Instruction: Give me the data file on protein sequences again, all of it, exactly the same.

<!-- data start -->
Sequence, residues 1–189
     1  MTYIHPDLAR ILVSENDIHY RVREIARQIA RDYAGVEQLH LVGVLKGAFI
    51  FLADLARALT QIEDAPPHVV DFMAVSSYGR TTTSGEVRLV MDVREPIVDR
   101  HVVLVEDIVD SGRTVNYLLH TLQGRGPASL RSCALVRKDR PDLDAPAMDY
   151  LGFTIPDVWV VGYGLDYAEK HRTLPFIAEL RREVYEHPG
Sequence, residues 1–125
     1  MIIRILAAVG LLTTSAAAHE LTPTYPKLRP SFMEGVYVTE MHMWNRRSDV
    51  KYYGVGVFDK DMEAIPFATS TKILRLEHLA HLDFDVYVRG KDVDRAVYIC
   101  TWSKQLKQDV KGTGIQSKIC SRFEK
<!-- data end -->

Sequence, residues 1–189
     1  MTYIHPDLAR ILVSENDIHY RVREIARQIA RDYAGVEQLH LVGVLKGAFI
    51  FLADLARALT QIEDAPPHVV DFMAVSSYGR TTTSGEVRLV MDVREPIVDR
   101  HVVLVEDIVD SGRTVNYLLH TLQGRGPASL RSCALVRKDR PDLDAPAMDY
   151  LGFTIPDVWV VGYGLDYAEK HRTLPFIAEL RREVYEHPG
Sequence, residues 1–125
     1  MIIRILAAVG LLTTSAAAHE LTPTYPKLRP SFMEGVYVTE MHMWNRRSDV
    51  KYYGVGVFDK DMEAIPFATS TKILRLEHLA HLDFDVYVRG KDVDRAVYIC
   101  TWSKQLKQDV KGTGIQSKIC SRFEK